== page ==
Chronicles In Ordinary Time 107: Character

lincoln_charcter

Before I start writing these essays, I usually ask myself why I think anyone really cares what I think about the world…

Back when our first child had been conceived, I started writing her letters. Most of what I wrote about, I figured would have little interest for her until she was a teenager. I continued the process by writing to my sons, as well, when they first appeared. Many of the later letters ‘cheated’ in that I wrote the same letter to all three kids.

To a large degree, these blogs are a continuation of that process. I’m still writing for my kids; but the audience appears to be larger now, based on comments I receive…

 

If I had the opportunity, I would vote for ‘Jed’ Bartlett or Andrew Shepherd; since both are characters written from the mind of Aaron Sorkin, I’m out of luck. In The American President, Andrew Shepherd makes the following statement:

For the last couple of months, Senator Rumson has suggested that being president of this country was, to a certain extent, about character, and although I have not been willing to engage in his attacks on me, I’ve been here three years and three days, and I can tell you without hesitation: Being President of this country is entirely about character.

I don’t want to vote for any of the four names I believe will be on my Oregon ballot for the Office of President of the United States.

I would not vote for Portland’s Mayor, or anyone on the City Council for President; even if they had run for Governor. I don’t feel that a couple of terms on the City Council would qualify someone for the Office of President. I worked for the City Council for 14 years; that doesn’t qualify me for national office.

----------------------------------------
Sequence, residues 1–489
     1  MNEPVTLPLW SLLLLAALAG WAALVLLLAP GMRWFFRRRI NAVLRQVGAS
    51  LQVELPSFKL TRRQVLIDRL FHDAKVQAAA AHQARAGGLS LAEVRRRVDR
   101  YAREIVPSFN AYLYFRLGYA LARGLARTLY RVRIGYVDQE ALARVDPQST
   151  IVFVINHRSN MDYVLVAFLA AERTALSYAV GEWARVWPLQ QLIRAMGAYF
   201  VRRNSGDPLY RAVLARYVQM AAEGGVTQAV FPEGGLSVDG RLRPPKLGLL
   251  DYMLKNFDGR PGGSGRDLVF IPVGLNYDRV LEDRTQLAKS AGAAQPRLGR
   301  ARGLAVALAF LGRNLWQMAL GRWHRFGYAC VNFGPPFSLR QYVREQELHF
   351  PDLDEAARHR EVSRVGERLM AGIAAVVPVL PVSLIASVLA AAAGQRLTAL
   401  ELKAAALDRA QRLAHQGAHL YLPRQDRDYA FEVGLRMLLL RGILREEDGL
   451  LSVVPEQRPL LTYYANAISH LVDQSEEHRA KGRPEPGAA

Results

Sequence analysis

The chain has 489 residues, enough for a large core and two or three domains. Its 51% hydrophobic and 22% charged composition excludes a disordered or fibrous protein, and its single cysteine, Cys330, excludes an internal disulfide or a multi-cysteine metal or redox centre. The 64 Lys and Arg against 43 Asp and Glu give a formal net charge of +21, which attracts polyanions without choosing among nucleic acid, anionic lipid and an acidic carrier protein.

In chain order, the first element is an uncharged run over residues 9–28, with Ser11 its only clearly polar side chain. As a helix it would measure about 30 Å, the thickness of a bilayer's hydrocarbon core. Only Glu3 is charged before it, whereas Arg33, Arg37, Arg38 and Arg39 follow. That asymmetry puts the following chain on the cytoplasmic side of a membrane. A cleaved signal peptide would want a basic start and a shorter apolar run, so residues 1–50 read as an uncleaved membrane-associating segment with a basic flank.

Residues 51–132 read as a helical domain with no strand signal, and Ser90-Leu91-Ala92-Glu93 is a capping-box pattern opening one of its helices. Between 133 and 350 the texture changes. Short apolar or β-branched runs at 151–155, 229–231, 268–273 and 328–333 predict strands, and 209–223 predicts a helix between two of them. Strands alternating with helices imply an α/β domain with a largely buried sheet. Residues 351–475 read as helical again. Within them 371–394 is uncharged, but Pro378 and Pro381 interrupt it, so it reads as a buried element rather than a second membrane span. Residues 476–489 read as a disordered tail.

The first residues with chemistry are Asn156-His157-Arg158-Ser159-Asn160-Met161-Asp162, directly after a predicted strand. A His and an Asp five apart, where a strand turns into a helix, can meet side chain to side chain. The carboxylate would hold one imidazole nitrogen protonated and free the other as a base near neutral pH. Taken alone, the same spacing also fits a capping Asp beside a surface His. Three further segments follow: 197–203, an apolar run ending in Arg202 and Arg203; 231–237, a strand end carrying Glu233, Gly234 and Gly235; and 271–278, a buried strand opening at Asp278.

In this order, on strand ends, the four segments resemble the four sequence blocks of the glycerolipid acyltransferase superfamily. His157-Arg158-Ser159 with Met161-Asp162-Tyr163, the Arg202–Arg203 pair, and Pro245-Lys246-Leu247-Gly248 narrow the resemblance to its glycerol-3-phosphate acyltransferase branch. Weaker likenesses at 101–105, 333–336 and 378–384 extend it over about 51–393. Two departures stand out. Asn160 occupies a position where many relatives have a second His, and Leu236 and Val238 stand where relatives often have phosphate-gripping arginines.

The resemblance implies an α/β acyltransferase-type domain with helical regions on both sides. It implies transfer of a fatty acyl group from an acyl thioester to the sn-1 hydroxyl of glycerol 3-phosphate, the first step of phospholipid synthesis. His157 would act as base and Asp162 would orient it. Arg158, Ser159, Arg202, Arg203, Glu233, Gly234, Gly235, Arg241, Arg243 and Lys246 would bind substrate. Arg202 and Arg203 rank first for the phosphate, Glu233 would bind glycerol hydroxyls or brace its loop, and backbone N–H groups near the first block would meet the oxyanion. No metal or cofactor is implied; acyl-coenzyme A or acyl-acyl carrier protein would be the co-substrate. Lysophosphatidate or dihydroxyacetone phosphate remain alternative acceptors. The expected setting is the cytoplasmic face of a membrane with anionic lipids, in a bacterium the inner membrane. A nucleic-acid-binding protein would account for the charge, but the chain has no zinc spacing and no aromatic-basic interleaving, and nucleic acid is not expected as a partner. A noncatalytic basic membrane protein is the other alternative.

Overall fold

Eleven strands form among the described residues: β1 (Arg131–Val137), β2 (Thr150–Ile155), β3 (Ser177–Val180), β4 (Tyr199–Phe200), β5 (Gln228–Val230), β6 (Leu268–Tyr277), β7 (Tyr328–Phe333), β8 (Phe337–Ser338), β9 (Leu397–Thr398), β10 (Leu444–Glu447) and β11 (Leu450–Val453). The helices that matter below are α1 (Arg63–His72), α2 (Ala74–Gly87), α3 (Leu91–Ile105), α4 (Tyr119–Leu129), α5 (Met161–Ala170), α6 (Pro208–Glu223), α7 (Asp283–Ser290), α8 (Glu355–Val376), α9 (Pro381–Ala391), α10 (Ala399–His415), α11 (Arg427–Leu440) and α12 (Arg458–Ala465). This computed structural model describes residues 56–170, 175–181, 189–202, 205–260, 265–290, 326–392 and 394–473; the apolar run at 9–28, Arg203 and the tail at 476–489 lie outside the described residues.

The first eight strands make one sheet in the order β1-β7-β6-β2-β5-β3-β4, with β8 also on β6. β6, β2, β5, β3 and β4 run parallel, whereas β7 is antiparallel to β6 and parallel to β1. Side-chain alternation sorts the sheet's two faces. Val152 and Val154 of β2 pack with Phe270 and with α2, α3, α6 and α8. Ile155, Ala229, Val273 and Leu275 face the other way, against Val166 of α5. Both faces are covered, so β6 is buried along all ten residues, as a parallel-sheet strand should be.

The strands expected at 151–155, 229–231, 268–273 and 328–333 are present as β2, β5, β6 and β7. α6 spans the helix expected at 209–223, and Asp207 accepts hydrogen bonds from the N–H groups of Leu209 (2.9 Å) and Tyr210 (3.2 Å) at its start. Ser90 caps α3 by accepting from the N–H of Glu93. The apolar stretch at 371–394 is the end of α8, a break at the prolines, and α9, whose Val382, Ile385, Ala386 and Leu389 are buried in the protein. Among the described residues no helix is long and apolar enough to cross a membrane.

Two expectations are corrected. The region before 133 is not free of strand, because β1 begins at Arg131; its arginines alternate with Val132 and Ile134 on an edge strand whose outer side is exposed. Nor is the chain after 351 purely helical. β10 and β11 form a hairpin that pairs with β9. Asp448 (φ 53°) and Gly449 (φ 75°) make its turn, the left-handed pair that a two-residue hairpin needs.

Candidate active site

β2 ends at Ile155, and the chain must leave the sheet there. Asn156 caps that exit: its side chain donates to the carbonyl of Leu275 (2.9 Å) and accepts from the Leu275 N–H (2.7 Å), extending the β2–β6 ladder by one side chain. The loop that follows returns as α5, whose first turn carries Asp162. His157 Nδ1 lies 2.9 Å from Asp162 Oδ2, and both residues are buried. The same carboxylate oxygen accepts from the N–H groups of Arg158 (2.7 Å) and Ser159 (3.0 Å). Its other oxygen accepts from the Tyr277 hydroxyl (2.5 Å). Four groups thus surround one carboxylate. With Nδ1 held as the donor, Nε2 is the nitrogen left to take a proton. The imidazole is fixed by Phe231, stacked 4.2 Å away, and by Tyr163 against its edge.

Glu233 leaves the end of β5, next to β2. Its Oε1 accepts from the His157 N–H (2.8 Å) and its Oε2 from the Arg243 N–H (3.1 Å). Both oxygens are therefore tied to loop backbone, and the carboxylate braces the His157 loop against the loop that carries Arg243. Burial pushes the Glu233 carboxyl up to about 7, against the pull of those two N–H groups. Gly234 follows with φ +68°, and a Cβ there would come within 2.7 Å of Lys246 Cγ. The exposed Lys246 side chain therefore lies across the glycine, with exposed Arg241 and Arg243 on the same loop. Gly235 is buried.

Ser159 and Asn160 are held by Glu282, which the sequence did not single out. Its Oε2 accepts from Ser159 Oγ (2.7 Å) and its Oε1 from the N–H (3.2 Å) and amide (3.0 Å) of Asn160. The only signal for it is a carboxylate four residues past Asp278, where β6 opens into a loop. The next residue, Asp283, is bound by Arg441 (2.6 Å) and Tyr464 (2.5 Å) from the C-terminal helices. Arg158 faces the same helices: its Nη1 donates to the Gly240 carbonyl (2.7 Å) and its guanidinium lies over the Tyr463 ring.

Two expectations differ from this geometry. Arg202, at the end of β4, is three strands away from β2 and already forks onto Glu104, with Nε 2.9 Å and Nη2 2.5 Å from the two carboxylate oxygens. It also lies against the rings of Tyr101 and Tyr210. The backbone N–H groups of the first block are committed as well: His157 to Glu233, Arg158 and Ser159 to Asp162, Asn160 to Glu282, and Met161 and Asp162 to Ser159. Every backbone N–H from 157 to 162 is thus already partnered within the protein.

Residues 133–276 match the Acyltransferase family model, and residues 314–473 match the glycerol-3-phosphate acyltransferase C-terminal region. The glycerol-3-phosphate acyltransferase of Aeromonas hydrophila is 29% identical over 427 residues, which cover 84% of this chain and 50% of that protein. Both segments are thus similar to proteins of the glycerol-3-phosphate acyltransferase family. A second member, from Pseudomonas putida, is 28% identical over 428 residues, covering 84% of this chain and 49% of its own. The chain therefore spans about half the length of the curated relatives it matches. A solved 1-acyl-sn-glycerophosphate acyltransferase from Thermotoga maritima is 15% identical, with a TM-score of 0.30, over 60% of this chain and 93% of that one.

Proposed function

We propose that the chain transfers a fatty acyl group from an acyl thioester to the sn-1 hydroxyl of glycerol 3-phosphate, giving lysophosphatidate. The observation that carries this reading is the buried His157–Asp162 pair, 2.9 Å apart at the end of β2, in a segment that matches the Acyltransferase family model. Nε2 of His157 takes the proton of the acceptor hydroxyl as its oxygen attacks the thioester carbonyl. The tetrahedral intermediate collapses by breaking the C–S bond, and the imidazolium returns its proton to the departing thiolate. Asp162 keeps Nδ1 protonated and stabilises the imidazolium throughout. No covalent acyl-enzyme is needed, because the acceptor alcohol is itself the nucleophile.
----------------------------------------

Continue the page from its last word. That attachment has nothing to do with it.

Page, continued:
I don’t support the Libertarian Policy goals.

Given another option, I would never vote for HRC as the Democratic candidate. We had another option; the DNC never supported that option. This is sad. I think he would have made an excellent President.

If my teen-aged granddaughter came up to me and said she had the opportunity to work as an intern for Donald Trump, I WOULD NEVER give my approval.

If it was ‘locker room banter,’ it was the locker room in high school where I might have heard it. I avoided the high school locker room.

I heard this ‘banter’ in Freshman or Sophomore college dorm rooms where the participants were mostly stoned or drunk, and were trying to impress other stoners with their imagined exploits. It was the ‘banter’ used by a medical student who wanted to become a gynecologist. I hope he never achieved his career goal. His goal was to assault women; but he never thought of it as ‘assault’; women were merely sexual toys.

Did I object to this sexually-charged language? No; I didn’t know any better. I thought the people making the comments were asses, but I thought most of the people that I was around were asses. I generally had a low opinion of people; but I had no ‘moral center’ from which I could stand. I was a snob, more than principled. ‘The Donald’ might have approved of the dorm T-shirt I designed; although I refused to follow the design literally. It was based on ‘the Donald’s’ comments, long before he most recently made them.

Trump’s comments weren’t made in a locker room or dorm room. It was the passenger seat on a media bus, probably filled with recording equipment.

He wasn’t running for President in 2005.
No; his first Presidential Campaign was in 2000.

Being President of this country is entirely about character…
I wouldn’t want that character in my house, much less the White House.

Too bad Condoleezza Rice isn’t running. She’d probably win.

 

 

 

 

 

 

Advertisements

Tags: , , , , , , , , , , , , , ,


%d bloggers like this: